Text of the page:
The property developer will continue to dispose of its non-core assets in order to manage its resources more efficiently
By NG MIN SHEN / Pic By TMR File
Sime Darby Property Bhd (SD Property) is one of the country’s largest property developers in land areas and gross development value (GDV).
On the local stock market, the developer, which builds not just homes, but townships like Subang Jaya and Bukit Jelutong, is the third-largest property company based on market capitalisation.
The company, recently demerged from the old Sime Darby empire, is valued at RM8.09 billion, trailing the two largest firms SP Setia Bhd (RM10.65 billion) and IOI Properties Bhd (RM9.03 billion). The big three already account for about one-third of the total market capitalisation of about RM90 billion for all the property stocks on the local bourse.
The group became a standalone property company after its prior parent, Sime Darby Bhd, underwent a demerger exercise in November last year in a move aimed at unlocking further value and creating investee companies with focus on their core businesses.
Subsequent to the demerger, SD Property and Sime Darby Plantation Bhd were listed as separate entities on Bursa Malaysia Bhd, while the trading and logistics, and motors businesses remained with Sime Darby.
At a recent press conference, SD Property announced it would continue to dispose of its non-core assets in order to manage its resources more efficiently.
The property company recently appointed former central bank governor Tan Sri Dr Zeti Akhtar Aziz as its chairman. She is also the group chairman of Permodalan Nasional Bhd (PNB), a major shareholder in SD Property.
Markets expect changes at PNB’s stable of companies, including at SD Property.
The admired central banker chaired her first board meeting at SD Property at the end of last month.
SD Property has made public their intention to hive off the non-strategic parts of its vast landbank and other commercial assets under management.
Zeti’s entry could speed up the move as the property developer seeks to boost profit and return much of the attention to developing property.
What Do They Have?
The group has about 20,572 acres (8,325.19ha) of developable area with a GDV of RM89.3 billion as of June 30, 2018. Twenty-three townships are currently being developed on 12,026 acres of existing landbank.
PublicInvest Research in a note early this year said the company has been recording property sales at an average of RM2 billion annually for the last few years, making the value in its holdings “too big to ignore”.
The landbank was valued at RM18.8 billion in total, giving the company the room to embark on asset monetisation, including disposing of non-strategic land.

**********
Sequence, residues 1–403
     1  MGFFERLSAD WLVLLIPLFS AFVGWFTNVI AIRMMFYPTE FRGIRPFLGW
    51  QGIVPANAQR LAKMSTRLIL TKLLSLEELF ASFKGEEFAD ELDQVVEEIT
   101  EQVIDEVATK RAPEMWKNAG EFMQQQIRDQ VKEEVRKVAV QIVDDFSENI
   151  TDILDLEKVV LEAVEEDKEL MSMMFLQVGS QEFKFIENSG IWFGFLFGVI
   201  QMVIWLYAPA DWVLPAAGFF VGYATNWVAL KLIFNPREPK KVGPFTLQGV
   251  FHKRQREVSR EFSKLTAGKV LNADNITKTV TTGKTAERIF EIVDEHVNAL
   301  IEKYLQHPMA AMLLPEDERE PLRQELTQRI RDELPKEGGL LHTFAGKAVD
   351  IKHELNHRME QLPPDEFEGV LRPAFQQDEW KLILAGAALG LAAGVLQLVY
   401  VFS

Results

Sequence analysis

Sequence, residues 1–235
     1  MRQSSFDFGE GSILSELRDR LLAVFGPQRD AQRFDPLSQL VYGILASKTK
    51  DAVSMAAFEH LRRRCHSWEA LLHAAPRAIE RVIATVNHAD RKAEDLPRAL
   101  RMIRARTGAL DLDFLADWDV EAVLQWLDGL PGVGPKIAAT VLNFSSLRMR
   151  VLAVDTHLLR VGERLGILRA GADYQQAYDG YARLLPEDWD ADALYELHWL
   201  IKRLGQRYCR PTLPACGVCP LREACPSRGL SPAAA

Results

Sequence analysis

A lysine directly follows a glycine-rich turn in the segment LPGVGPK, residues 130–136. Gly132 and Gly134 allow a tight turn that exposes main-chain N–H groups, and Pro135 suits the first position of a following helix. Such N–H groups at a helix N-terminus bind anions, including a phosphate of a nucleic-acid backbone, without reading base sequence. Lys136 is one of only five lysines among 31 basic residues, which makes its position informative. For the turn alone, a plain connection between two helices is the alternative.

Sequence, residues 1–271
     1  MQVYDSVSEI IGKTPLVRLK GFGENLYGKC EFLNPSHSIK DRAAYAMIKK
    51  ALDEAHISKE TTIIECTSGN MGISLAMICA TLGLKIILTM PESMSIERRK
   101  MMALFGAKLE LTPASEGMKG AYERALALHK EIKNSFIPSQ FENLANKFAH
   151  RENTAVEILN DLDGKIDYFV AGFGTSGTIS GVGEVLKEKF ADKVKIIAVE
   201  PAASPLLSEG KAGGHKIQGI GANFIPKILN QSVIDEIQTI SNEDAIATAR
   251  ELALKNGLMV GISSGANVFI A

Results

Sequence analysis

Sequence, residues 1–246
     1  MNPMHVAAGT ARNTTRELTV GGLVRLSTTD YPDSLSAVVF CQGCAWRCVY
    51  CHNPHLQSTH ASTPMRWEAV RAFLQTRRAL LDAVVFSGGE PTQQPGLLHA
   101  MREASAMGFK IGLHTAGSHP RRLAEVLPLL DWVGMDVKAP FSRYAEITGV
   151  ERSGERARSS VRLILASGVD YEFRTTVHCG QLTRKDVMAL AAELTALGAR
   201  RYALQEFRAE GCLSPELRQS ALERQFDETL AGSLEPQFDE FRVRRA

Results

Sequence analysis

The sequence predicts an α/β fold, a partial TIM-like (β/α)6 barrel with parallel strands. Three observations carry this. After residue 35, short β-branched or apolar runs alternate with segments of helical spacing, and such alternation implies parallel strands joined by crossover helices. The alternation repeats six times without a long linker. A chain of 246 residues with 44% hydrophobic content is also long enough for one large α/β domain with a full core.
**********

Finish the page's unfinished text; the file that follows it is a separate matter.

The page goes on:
Analysts expect SD Property to either seek direct disposal or form partnerships to develop its large tract of landbank.
The property developer would take about 50 years to develop the landbank base on its current annual sale.
The company is already considering the disposal of non-core assets, including a 300-acre parcel of land in Bukit Selarong, Kedah, other assets in Jerai, Kedah, and a small estate in Sabah. The company’s latest sale was the Glengowrie Estate in Selangor during its financial year ended June 30, 2017 (FY17).
Asset sales have helped to boost its financial number. For FY18, it reported a net profit of RM640 million for the year, helped by two sale transactions.
The gains included disposals of Malaysia Land Development Co Bhd and the 40% equity stake in Seriemas Development Sdn Bhd, boosting its revenue by about RM317 million.
But net profit for the final three months dropped to RM46.57 million from RM327.65 million during the corresponding period a year ago.
Disposal of Assets
The old Sime Darby in 2015 sold 135 acres of Elmina land to Eastern & Oriental Bhd (E&O) for RM48 million, Subang Avenue Mall (RM55 million) and its 50% stake in its Sunsuria Bhd joint venture (RM157 million).
It also disposed of a 375-acre plot of Serenia City to Sunsuria and 238 acres of Semenyih land for RM320 million.
Properties like the Equatorial Hotel in Melaka and two Singaporean properties were sold for RM486 million.
Disposal of the assets under the leisure and hospitality division could be on the cards. The division incurred RM26.4 million of loss for FY18, compared to RM14.7 million a year ago. To stop the bleeding, SD Property has other jewels in the crown.
The developer for high-end properties in Kuala Lumpur owns TPC Kuala Lumpur (TPCKL), a 36-hole course that sits on one of the most expensive areas in the capital; Sime Darby Convention Centre (SDCC), which sits near to TPCKL; and the 18-hole Impian Golf and Country Club.
These assets are managed by SD Property’s leisure and hospitality arm. The company in its financial result brief said the division reported higher operating losses due to lower contributions from SDCC and TPCKL.
The company is managing commercial spaces measuring about two million sq ft, which include Melawati Mall and KL East Gallery.
SD Property’s other assets that could be put under the hammer are Darby Park Serviced Residences (Australia), Darby Park Executive Suites (Singapore) and Darby Park Serviced Residences (Vietnam).
As the company looks to boost revenue, finance new and current developments, and trim its RM2.54 billion total debt, the disposal of its non-core assets would likely be a key component of the developer’s forward thinking.